“I’ve been asked repeatedly in recent days to explain Justice Ruth Bader Ginsburg’s accomplishment: How did she, a young unknown lawyer, starting basically from scratch, persuade the nine men of the Supreme Court to join her in constructing a new jurisprudence of sex equality?
I replied that she had a project, a goal from which she never deviated during her long career. It was to have not only the Constitution but also society itself understand men and women as equal.
Fair enough, as far as that explanation goes. But I think it misses something deeper about Justice Ginsburg, who died last Friday at 87. What she had, in addition to passion, skill and a field marshal’s sense of strategy, was imagination.
She envisioned a world different from the one she had grown up in, a better world in which gender was no obstacle to women’s achievement, to their ability to dream big and to realize their aspirations. Then she set out to use the law to usher that world into existence.”
To dream big and realize their aspirations.
I couldn’t help but smile. Greenhouse describing one of our more celebrated Supreme Court Justices in the same way one would describe successful legal tech entrepreneurs.
- Vision of a better world
- Use what you have to usher in that better world
What fired this imagination in Justice Ginsburg?
The best answer may be simply that Ruth Ginsburg saw things that others didn’t. She understood that the law could be harnessed in service to fundamental transformation. That’s the difference between imagination and goals. We all have goals, big or small, and we all encounter obstacles to accomplishing some of them. But only a few have the turn of mind to confront head-on the structural obstacles that stand in their way.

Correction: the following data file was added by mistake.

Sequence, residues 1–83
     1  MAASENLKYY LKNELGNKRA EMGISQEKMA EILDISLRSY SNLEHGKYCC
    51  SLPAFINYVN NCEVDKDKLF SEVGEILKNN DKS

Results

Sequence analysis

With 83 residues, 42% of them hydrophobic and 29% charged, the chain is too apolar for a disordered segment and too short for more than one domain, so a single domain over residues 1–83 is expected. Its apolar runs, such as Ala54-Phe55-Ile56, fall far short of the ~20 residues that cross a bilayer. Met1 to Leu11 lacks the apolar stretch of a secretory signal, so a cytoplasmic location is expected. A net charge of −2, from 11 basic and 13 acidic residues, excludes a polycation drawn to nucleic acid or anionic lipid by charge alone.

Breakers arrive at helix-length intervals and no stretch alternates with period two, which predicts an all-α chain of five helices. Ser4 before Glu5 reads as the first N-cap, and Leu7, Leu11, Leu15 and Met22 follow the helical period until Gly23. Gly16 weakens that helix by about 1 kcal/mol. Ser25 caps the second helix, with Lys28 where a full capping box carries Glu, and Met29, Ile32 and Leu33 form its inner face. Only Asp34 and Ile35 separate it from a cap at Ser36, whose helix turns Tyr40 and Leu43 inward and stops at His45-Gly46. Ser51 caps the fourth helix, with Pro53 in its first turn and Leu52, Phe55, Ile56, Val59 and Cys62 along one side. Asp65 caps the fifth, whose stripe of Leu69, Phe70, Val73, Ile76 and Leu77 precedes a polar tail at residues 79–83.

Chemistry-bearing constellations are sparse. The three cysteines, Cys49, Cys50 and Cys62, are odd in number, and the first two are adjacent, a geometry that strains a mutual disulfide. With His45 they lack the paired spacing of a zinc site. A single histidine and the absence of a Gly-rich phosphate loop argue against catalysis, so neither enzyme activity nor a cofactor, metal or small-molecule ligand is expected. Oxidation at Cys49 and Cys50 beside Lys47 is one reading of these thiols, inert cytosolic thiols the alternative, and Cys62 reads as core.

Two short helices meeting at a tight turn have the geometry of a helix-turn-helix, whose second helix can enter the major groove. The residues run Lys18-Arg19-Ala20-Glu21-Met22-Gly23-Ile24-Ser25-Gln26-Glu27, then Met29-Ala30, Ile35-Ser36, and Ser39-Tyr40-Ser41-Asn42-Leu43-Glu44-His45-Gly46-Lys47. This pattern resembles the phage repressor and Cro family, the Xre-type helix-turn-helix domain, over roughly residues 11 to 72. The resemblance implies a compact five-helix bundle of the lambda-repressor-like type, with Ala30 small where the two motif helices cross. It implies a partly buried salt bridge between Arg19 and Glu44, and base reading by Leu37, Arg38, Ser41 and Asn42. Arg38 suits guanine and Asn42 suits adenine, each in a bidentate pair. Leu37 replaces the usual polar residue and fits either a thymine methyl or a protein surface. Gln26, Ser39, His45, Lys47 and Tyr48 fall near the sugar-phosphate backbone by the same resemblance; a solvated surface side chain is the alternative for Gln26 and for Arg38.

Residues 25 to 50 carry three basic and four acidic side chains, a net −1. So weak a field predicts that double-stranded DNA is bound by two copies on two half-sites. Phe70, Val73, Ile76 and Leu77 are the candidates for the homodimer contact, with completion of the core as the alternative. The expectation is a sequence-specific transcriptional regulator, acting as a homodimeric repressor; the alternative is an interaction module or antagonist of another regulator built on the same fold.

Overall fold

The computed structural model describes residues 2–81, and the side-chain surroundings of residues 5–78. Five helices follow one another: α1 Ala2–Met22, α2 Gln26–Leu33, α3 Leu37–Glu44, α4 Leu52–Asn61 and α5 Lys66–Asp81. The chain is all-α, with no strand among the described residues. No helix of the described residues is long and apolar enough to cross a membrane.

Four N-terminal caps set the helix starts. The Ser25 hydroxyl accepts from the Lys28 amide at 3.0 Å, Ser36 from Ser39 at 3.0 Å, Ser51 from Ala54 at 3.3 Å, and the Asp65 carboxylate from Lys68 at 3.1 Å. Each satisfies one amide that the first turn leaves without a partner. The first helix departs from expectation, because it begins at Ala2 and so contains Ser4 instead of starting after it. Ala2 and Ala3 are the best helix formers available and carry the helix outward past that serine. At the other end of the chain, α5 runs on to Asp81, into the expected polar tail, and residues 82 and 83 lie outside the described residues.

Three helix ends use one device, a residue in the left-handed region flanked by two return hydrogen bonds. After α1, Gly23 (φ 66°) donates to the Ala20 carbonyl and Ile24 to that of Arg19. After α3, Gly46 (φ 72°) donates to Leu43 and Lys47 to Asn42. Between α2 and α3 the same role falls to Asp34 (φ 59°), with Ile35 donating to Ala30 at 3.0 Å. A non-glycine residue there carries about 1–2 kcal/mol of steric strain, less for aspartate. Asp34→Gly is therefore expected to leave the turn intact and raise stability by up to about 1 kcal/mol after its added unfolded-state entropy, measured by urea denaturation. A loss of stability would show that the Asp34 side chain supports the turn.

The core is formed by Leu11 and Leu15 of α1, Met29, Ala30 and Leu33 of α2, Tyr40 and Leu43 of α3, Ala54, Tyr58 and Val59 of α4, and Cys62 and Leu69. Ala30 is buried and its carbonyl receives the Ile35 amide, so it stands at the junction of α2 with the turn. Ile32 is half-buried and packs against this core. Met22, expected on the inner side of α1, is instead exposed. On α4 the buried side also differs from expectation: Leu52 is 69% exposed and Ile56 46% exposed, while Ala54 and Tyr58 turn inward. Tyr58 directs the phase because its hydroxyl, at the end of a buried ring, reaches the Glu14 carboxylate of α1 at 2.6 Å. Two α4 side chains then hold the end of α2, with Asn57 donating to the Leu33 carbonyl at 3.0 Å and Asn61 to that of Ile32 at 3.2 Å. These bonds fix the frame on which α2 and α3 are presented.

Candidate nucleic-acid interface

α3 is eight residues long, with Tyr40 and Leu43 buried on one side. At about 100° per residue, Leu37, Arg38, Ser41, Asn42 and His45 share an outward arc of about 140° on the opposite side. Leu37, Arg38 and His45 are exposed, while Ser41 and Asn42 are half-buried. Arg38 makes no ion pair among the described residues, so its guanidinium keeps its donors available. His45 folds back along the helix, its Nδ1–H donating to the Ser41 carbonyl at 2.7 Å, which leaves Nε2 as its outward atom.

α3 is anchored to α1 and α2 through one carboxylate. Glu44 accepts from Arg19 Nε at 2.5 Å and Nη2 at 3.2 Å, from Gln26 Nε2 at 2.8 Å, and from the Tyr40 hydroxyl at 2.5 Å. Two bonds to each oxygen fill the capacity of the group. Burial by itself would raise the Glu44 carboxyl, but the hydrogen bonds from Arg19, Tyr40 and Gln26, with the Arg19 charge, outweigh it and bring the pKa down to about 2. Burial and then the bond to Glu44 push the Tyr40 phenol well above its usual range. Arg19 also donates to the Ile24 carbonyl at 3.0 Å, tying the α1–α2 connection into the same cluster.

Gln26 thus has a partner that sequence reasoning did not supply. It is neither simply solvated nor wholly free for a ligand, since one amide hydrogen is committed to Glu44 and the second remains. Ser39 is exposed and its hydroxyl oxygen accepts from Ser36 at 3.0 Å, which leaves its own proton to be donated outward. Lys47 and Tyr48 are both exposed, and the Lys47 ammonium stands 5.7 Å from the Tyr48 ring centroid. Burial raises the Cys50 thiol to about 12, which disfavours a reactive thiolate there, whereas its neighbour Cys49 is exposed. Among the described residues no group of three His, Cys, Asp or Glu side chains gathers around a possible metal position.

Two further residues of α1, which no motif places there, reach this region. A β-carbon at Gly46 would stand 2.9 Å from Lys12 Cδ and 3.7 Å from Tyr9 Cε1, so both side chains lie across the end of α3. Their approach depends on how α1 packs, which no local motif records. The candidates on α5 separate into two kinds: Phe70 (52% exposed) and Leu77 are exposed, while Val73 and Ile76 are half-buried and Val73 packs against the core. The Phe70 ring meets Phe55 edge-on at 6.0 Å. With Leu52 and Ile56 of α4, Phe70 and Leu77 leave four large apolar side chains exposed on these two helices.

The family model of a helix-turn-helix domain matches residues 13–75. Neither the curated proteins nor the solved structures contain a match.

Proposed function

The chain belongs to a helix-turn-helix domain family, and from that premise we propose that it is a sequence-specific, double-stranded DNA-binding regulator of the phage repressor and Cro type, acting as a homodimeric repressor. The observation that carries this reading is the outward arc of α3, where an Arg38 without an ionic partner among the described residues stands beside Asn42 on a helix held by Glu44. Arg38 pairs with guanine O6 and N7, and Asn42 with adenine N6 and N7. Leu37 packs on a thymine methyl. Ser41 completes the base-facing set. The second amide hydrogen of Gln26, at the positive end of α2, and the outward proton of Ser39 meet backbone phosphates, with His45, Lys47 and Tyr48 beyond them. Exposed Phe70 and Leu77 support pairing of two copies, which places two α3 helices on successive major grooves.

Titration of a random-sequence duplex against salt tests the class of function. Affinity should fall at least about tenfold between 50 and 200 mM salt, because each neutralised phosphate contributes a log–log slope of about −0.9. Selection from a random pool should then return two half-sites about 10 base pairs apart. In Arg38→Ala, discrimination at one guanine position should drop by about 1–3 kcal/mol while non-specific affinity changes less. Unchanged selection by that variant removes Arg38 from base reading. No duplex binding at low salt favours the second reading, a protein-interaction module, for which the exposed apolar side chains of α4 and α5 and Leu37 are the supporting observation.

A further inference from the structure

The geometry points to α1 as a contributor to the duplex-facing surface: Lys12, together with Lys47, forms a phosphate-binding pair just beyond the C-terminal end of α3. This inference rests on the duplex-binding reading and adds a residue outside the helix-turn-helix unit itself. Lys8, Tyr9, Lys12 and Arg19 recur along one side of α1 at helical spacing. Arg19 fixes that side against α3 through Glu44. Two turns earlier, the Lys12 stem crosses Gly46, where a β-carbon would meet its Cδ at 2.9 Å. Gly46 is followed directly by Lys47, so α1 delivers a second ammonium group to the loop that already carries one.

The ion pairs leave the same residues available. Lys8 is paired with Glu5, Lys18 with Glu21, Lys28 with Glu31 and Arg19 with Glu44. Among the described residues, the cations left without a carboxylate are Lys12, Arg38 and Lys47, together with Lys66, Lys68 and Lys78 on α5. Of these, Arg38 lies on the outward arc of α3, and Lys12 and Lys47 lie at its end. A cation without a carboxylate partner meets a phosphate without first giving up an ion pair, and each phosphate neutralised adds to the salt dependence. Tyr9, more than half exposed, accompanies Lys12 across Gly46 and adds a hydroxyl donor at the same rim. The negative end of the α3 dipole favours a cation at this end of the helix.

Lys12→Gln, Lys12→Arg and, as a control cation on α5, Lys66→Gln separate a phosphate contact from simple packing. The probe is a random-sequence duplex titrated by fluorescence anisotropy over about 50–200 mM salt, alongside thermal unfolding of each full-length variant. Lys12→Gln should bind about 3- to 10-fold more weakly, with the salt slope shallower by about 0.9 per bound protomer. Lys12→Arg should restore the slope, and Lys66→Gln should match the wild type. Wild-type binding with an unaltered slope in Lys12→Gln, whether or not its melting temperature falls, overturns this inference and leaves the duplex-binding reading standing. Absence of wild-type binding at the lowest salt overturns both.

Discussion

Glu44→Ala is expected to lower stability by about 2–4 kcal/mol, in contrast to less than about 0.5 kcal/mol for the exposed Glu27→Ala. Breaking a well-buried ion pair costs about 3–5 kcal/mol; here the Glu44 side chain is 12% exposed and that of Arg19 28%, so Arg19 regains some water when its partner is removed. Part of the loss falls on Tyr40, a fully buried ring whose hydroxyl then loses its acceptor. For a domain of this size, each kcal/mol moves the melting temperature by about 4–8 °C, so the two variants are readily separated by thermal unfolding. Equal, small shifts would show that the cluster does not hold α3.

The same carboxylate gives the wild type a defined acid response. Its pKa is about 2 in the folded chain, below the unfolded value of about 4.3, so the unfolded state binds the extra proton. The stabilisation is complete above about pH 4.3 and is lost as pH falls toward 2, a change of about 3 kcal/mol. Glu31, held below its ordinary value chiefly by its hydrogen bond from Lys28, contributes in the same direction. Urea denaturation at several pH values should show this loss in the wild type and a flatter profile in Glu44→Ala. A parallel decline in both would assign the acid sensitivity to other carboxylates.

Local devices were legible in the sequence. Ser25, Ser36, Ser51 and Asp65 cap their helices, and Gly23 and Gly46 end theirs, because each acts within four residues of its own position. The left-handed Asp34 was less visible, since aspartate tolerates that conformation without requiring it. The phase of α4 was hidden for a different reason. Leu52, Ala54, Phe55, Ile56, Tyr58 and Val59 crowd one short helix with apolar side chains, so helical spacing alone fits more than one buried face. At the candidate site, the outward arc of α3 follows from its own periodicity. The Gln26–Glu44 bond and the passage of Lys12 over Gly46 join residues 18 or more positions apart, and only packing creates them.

Only a few have the turn of mind to confront head-on the structural obstacles that stand in their way.
Sounds like an entrepreneur, doesn’t it?
You might be quick to diminish what legal tech entrepreneurs are doing as compared to a justice on the Supreme Court. You’d be wrong to do so.
Lawyers and, in effect, legal services are irrelevant to eighty-five percent of Americans. No matter their financial status, consumers and business people don’t reach out to a lawyer when faced with a legal issue.
People don’t trust lawyers. Legal services aren’t delivered in a fashion people expect services to be delivered today – efficiency, convenience, declining costs and a mobile app away.
Legal tech entrepreneurs are chasing their dreams to make legal services more accessible to the masses. Even creating solutions that enable Americans to find and to connect with lawyers they’ve learned to trust in an intimate way.
No, I don’t think entrepreneurs see themselves the equal of Justice Ginsburg.
That didn’t stop this entrepreneur from getting a warm feeling reading Greenhouse’s column that passionately chasing a dream in order to usher in a better world was a noble thing to do.
Sure wish Linda would have accepted my offer to begin blogging with us when she left a the New York Times a few years back.